The electronic transmission properties of DNA molecules are believed to play a significant role in many physical phenomena taking place in living organisms (Chakraborty, 2007) . Here we study the charge transport (CT) properties of cancer-related genes, including some of the most important tumor suppressors. We find that the changes in averaged CT around the sites of pathogenic and cancerous mutations are statistically smaller than those on sites where pathogenic mutations have not been observed. The results suggest that CT might be an indicator to discriminate between pathogenic and non-pathogenic mutations at an early stage. Mutations which cause little change in CT may be more likely to occur, or more likely to be missed by damage-repair enzymes which probe CT, and are therefore more likely to persist and cause disease.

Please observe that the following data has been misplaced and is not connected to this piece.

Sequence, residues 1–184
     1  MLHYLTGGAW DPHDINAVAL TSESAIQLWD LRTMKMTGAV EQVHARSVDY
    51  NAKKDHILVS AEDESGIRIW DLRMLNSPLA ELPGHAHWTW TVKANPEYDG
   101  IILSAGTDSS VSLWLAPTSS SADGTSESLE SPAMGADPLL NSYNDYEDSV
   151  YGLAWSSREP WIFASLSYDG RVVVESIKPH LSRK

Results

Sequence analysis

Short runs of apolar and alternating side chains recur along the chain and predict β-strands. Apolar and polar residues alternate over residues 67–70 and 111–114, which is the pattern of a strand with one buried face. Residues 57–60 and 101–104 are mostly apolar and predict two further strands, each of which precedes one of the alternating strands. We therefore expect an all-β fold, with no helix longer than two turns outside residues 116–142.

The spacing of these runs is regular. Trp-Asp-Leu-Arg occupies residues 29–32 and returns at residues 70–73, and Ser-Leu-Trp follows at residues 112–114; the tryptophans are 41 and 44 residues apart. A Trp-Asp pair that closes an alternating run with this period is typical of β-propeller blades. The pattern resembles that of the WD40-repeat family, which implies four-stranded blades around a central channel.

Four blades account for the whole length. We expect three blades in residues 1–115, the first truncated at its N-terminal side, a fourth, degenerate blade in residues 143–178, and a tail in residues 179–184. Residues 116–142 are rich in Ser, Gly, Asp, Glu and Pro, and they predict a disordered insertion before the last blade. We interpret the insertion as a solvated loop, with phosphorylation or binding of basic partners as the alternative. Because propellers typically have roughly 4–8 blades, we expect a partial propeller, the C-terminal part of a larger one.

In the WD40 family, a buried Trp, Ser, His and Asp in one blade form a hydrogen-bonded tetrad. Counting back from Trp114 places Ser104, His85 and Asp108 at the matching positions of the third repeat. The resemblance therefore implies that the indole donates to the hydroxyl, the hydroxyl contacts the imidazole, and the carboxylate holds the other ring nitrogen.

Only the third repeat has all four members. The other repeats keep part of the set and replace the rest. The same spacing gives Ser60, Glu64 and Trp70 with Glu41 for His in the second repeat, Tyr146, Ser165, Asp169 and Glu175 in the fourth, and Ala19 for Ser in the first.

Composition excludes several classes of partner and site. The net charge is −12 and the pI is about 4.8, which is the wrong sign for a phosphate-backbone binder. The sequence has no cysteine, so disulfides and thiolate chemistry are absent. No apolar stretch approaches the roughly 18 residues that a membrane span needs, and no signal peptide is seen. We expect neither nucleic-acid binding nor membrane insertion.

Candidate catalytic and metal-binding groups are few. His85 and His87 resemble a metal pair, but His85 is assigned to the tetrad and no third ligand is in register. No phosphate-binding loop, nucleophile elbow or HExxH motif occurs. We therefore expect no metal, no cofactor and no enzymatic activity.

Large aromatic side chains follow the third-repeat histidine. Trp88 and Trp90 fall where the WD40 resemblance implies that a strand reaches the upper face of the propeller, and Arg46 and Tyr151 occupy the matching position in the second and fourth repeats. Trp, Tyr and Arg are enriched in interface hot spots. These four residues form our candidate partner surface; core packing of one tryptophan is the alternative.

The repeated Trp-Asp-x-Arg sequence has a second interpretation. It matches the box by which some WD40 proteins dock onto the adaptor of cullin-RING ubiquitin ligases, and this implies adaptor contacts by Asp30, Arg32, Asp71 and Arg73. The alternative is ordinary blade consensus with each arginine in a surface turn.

Shih, C-T., Cheng, Y-Y., Wells, S. A., Römer, R. A., & Hsu, C-L. (2011). Charge transport in cancer-related genes and early carcinogenesis. Computer Physics Communications, 182(1), 36-38. https://doi.org/10.1016/j.cpc.2010.06.029